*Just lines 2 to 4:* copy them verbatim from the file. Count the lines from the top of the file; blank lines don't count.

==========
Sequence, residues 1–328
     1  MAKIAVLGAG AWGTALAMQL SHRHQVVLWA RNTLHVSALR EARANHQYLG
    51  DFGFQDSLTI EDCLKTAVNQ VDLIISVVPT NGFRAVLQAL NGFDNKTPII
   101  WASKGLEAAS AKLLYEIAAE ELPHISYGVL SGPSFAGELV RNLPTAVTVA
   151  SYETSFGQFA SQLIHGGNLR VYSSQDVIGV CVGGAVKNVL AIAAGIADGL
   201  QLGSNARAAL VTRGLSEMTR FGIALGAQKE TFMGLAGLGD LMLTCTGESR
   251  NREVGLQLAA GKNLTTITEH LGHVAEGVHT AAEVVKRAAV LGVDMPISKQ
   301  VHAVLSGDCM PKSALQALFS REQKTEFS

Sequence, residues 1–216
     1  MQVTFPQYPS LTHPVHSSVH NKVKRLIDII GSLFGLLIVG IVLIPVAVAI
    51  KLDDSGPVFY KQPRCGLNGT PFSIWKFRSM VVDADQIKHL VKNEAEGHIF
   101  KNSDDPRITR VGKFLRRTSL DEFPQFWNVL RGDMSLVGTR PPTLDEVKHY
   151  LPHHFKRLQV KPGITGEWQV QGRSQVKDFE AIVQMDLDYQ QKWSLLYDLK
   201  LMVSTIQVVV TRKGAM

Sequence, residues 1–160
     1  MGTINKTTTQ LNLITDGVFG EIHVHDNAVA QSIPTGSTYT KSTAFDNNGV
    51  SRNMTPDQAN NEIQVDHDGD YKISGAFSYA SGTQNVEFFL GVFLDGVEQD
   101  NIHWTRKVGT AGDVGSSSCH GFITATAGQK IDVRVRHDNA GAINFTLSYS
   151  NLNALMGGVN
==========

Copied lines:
     1  MAKIAVLGAG AWGTALAMQL SHRHQVVLWA RNTLHVSALR EARANHQYLG
    51  DFGFQDSLTI EDCLKTAVNQ VDLIISVVPT NGFRAVLQAL NGFDNKTPII
   101  WASKGLEAAS AKLLYEIAAE ELPHISYGVL SGPSFAGELV RNLPTAVTVA